EUROPE - The European Council has stressed the need for urgent action to enhance the long-term sustainability of pensions across Europe, following the publication of an interim joint report on pensions.

At the latest Economic and Financial Affairs meeting earlier this week, the European Council concluded the report, written by the Economic Policy Committee and Social Protection Committee, "reaffirms the commitment to the common objectives of sustainable and adequate pensions".

The interim report outlined a "three-pronged strategy" for meeting the economic and budgetary consequences of ageing by reducing debt at a faster pace, raising employment rates and productivity and reforming pension, healthcare and long-term care systems.

In particular, it noted that despite pension reforms and policy changes across many of the member states, public pension expenditure in the EU is projected to rise by 2.5 percentage points of GDP by 2060.

That is an increase of 23% on average of public pension expenditure, and "substantially more" in some member states.

The report said it would be a challenge to adapt the pension systems of some EU member states to expected demographic changes, as life expectancy is expected to increase by 8.5 years for men and 6.9 years for women over the next 50 years.

The report said: "Additional reforms of pension policy will be needed in several countries.

"Furthermore, there are signs ongoing reforms might bear considerable risks in terms of both adequacy and sustainability.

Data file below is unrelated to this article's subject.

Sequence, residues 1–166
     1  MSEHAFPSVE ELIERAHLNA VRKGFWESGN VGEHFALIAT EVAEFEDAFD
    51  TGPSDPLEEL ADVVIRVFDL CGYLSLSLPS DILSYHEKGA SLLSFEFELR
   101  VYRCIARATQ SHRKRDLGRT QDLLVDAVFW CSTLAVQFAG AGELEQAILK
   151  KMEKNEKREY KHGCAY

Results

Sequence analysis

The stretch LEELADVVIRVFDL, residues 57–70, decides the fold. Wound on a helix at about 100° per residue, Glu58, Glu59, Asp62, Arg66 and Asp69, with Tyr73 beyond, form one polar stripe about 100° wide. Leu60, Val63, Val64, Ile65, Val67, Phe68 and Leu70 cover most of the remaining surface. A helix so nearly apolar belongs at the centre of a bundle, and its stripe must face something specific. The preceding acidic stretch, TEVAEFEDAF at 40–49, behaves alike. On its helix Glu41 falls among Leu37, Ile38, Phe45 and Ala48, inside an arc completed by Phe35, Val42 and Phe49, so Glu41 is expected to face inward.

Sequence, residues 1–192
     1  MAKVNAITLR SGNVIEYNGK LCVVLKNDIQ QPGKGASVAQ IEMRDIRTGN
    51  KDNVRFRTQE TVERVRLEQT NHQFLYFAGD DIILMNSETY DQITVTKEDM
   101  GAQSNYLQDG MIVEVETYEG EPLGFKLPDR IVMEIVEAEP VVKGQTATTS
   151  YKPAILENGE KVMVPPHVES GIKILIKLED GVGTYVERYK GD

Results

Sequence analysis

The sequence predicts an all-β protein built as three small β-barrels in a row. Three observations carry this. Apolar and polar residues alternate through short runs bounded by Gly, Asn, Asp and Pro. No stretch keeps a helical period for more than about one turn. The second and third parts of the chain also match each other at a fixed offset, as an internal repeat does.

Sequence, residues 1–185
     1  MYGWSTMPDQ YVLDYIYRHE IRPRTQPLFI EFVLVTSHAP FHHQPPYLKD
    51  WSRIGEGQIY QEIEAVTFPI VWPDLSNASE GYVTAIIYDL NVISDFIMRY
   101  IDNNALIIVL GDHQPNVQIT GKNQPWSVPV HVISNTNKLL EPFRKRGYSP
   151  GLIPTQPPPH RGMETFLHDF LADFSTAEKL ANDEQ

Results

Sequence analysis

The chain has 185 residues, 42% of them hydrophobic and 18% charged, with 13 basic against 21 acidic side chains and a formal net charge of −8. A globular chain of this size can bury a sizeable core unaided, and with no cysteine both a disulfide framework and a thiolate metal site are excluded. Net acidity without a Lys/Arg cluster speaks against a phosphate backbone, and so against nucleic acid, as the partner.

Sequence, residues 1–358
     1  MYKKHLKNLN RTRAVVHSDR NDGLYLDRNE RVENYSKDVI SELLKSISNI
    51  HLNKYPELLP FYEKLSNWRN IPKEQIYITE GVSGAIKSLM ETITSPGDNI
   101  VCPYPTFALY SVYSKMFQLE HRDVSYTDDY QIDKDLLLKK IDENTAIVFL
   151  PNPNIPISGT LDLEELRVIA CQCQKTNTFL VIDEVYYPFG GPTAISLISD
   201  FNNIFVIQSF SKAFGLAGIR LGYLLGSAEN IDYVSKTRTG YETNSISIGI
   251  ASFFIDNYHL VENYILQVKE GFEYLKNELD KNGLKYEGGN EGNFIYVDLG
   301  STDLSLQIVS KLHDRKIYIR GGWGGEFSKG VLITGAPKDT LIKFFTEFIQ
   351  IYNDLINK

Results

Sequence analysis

"As changes in pension systems will tend to make benefits more contingent on developments in labour and financial markets, important risks relate to employment rates not increasing enough or capital markets not delivering as expected."

Findings from the work by the two committees noted sustainability and adequacy concerns for all types of pension schemes have been aggravated by the crisis, leading to a need to review the levels of market exposure and design of risk sharing in funded pensions.
The report continued: "Variations in the ability of funded schemes to weather the present crisis show that differences in design, regulation and investment strategy matter.

"Achieving a better balance for pension savers and pension providers between risks, security and returns will be the key to enhance public confidence in funded pensions and ensure their contribution to adequacy of retirement incomes."
However, the document warned there was no single one-size-fits-all solution and suggested increased transparency and information would be essential to gain public trust and guide behaviour. 

A final report is expected from the two committees by the end of the year to be presented to the ECOFIN and EPSCO Council configurations under the Belgian presidency.

The findings from the interim report also come ahead of the expected Green Paper on Pensions by the European Commission later this year.